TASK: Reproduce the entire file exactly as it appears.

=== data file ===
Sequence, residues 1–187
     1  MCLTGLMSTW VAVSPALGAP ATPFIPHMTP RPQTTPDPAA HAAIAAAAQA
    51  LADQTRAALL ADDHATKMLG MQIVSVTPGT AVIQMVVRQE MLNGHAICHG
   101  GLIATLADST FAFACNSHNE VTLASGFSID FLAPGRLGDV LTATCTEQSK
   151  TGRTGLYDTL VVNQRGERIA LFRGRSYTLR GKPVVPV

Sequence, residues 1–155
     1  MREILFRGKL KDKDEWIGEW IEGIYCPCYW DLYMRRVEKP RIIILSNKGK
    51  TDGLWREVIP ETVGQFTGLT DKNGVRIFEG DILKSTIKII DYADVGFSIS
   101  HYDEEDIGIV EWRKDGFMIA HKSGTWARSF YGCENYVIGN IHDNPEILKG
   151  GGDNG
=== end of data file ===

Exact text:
Sequence, residues 1–187
     1  MCLTGLMSTW VAVSPALGAP ATPFIPHMTP RPQTTPDPAA HAAIAAAAQA
    51  LADQTRAALL ADDHATKMLG MQIVSVTPGT AVIQMVVRQE MLNGHAICHG
   101  GLIATLADST FAFACNSHNE VTLASGFSID FLAPGRLGDV LTATCTEQSK
   151  TGRTGLYDTL VVNQRGERIA LFRGRSYTLR GKPVVPV

Sequence, residues 1–155
     1  MREILFRGKL KDKDEWIGEW IEGIYCPCYW DLYMRRVEKP RIIILSNKGK
    51  TDGLWREVIP ETVGQFTGLT DKNGVRIFEG DILKSTIKII DYADVGFSIS
   101  HYDEEDIGIV EWRKDGFMIA HKSGTWARSF YGCENYVIGN IHDNPEILKG
   151  GGDNG